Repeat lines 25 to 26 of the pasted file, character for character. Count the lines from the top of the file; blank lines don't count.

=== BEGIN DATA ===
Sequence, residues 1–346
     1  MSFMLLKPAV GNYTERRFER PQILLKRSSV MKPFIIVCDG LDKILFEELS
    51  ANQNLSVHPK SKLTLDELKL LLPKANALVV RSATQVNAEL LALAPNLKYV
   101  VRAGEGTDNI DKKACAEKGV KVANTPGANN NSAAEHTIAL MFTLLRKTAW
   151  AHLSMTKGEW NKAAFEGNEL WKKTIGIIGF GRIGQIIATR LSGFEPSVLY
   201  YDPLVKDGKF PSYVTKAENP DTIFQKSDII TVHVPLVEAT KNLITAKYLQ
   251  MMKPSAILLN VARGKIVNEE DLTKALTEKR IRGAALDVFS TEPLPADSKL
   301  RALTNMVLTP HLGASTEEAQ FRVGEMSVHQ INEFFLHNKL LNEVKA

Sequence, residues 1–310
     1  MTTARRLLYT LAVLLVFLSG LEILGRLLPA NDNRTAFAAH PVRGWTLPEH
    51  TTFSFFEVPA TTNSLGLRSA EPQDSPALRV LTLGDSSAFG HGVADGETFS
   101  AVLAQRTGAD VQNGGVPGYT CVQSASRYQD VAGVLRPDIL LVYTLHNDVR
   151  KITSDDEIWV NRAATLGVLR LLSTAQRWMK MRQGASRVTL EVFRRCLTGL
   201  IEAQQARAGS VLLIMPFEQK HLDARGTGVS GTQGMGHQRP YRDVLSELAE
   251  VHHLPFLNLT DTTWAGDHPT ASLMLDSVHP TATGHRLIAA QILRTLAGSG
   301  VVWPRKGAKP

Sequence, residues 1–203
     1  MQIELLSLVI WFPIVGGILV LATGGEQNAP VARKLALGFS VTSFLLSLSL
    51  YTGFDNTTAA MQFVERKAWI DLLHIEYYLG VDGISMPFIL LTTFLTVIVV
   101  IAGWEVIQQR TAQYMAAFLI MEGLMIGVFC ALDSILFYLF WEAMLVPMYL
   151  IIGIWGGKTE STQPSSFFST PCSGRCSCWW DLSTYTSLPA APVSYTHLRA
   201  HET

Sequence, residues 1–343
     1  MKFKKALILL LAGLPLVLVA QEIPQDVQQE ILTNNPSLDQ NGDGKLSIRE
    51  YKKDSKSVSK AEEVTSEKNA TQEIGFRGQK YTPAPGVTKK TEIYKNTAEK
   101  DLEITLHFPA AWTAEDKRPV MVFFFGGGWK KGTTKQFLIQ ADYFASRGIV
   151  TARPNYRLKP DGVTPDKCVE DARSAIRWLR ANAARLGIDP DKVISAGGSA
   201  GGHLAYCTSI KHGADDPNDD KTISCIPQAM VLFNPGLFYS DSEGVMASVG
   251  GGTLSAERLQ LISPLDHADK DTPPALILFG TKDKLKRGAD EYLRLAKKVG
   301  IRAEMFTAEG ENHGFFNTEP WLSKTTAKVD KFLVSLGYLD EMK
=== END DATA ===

    51  YKKDSKSVSK AEEVTSEKNA TQEIGFRGQK YTPAPGVTKK TEIYKNTAEK
   101  DLEITLHFPA AWTAEDKRPV MVFFFGGGWK KGTTKQFLIQ ADYFASRGIV